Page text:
New Tax Laws You Need to Know

Jeanne Tackett |

As the end of the year approaches, it is time to start thinking about your 2021 tax return. The more you prepare, the more you can save on your taxes. Before tax prep, you need to have an understanding of the tax laws for the current year. Many changes have been made for the 2021 tax year.


Child Tax Credit

The American Rescue Plan that was put in place in March of 2021 provided an expansion of the child tax credit for the 2021 tax year. The amount of the credit moved from $2,000 to $3,000 for most children but up to $3,600 for children 5 years old and under. The extra amount is reduced for higher income families. Higher income families include $75,000 for single filers, $112,500 for head of household, and $150,000 for married couples filing a joint return.

The credit is fully refundable with the required $2,500 of earned income dropped as well. Half of the 2021 credit will be paid in advance through monthly payments starting July 15th and ending December 15th. The other half of the credit can be claimed on your 2021 tax return. You could also opt out of the monthly child tax credits to claim the full credit on your tax return, resulting in a larger refund.


Tax Bracket Ranges

While the income tax rates did not change for 2021, the income tax brackets are wider than they were for 2020. Be sure to check the tax brackets to see if you have been bummed up or lowered. This could have a major impact on your tax liability.


Retirement Plans

The requirements for required minimum distribution for retirees were loosened in 2020 but are back in 2021 for anyone age 72 or older. Many limits on retirement plans are the same for 2021. The maximum limits for 401(k), 403(b), and 457 plans is $19,500, with a catch-up of $6,500 allowed for people born before 1972. The cap on Simple IRA contributions stays at $13,500, with a $3,000 catch-up for people aged 50 and older. For traditional IRAs and Roth IRAs, the contribution limit stayed at $6,000 with the $1,000 catch-up contribution for people aged 50 and older.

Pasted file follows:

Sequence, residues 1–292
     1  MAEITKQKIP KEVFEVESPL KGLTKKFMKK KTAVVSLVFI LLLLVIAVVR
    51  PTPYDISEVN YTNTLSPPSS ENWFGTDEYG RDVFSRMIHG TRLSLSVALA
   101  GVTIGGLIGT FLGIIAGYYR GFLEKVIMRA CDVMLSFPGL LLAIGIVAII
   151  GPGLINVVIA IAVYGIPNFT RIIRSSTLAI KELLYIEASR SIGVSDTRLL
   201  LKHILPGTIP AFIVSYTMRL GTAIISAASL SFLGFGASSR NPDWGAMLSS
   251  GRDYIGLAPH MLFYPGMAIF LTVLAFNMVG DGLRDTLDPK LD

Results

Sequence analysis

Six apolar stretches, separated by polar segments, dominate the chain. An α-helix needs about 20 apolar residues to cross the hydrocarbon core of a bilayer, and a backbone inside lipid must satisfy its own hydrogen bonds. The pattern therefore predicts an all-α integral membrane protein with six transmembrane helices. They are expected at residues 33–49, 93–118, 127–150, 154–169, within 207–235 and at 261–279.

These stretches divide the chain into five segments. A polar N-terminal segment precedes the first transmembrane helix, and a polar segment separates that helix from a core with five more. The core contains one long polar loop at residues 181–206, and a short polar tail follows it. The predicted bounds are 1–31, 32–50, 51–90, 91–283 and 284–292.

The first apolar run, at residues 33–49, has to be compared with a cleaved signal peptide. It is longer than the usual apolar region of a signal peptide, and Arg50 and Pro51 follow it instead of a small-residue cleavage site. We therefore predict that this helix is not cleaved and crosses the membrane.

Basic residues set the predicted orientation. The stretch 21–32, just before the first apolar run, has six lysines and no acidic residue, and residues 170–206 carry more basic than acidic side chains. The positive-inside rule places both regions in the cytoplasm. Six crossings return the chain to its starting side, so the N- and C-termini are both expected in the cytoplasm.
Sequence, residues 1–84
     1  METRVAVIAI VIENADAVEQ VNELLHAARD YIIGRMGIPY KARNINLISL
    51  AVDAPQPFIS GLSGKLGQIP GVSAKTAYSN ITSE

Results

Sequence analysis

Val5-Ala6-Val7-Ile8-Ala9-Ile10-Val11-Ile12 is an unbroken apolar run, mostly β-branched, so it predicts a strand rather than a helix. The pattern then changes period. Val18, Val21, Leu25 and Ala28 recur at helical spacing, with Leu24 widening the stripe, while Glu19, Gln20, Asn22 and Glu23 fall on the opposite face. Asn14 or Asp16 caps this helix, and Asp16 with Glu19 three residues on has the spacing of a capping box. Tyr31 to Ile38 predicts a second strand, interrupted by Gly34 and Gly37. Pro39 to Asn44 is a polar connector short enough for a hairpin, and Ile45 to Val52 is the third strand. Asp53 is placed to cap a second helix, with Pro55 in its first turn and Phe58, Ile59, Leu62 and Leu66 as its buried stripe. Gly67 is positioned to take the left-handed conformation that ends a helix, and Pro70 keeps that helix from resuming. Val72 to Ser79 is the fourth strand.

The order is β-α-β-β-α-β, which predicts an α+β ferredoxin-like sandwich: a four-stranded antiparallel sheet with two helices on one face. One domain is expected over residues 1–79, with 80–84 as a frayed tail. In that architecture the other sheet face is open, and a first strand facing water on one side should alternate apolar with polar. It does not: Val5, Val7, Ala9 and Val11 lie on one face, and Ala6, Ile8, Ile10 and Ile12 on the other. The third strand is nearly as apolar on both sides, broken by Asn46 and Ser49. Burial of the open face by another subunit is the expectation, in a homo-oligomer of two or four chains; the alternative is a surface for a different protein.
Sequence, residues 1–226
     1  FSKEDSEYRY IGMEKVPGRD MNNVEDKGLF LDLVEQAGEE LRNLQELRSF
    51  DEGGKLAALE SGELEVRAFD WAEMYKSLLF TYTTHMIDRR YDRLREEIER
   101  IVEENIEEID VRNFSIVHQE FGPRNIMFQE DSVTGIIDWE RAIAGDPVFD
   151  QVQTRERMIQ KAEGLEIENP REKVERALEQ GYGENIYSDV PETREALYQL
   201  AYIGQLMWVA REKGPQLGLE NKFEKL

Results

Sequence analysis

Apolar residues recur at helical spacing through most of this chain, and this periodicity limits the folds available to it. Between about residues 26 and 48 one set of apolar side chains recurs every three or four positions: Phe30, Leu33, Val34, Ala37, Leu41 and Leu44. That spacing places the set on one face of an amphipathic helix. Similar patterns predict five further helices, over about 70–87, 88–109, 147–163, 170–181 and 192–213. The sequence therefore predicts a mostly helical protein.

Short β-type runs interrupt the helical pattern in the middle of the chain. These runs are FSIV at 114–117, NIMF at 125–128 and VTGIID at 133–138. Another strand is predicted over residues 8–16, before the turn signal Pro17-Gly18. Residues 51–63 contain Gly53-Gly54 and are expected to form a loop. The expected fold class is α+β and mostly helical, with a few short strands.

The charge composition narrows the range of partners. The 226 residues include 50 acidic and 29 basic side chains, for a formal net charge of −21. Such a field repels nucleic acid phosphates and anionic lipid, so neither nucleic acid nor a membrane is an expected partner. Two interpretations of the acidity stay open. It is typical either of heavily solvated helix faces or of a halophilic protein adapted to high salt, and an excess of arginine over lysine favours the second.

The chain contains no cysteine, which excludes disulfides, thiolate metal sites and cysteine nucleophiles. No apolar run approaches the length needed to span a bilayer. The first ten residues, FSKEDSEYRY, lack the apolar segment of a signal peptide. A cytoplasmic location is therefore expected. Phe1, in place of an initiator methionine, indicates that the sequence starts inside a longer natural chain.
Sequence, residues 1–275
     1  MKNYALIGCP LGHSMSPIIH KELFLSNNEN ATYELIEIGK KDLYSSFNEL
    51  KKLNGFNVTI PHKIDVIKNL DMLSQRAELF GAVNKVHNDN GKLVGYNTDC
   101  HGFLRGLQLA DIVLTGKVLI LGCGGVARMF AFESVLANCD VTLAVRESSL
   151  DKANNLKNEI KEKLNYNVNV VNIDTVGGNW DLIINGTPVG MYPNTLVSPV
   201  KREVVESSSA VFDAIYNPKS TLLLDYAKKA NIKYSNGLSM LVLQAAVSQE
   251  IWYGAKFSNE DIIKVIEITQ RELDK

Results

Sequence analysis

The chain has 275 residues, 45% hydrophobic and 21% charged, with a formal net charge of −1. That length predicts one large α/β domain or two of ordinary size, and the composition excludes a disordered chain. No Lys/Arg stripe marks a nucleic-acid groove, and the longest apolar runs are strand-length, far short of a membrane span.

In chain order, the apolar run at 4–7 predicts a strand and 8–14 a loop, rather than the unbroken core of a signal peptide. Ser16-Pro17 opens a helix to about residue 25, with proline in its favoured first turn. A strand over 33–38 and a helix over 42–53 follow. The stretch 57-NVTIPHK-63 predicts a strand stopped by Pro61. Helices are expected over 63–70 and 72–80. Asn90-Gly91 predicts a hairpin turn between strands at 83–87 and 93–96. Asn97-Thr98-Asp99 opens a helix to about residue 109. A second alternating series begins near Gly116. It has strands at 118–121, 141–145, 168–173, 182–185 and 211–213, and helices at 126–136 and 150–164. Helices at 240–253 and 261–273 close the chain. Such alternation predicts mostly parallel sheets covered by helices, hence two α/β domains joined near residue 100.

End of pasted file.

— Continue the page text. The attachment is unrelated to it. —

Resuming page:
Roth IRA income ceilings for contributions did change for 2021. The contributions phase out at $198,000 to $208,000 for couples and $125,000 to $140,000 for singles.


Long-term Capital Gains Tax Rates

While tax rates on long-term capital gains and qualified dividends did not change for the 2021 tax year. The income thresholds to qualify for the different rates were adjusted for inflation. For 2021, the 0% rate applies to individual taxpayers with taxable income up to $40,400, head of household with $54,100 in taxable income, and $80,800 of taxable income for joint returners.

The 20% rate starts at $445,851 taxable income for single filers, $473,751 taxable income for head of households, and $501,601 for joint filers.

The 15% rate is for filers between those taxable income levels for the 0% and 20% breakpoints.

If you are concerned with the new tax laws, reach out to us at Total Clarity Wealth Management. We can assist you with effective tax information that will potentially save you money when tax season arrives. Give us a call today to get started!








While the tax or legal information provided is based on our understanding of current laws, and has been gathered from sources believed to be reliable, it cannot be guaranteed. Federal tax laws are complex and subject to change. This information is not intended to be a substitute for specific individualized tax or legal advice and should only be relied upon when coordinated with individual professional advice. Neither LPL Financial, nor its registered representatives, provide tax or legal advice. As with all matters of a tax or legal nature, you should consult with your own tax or legal counsel for advice.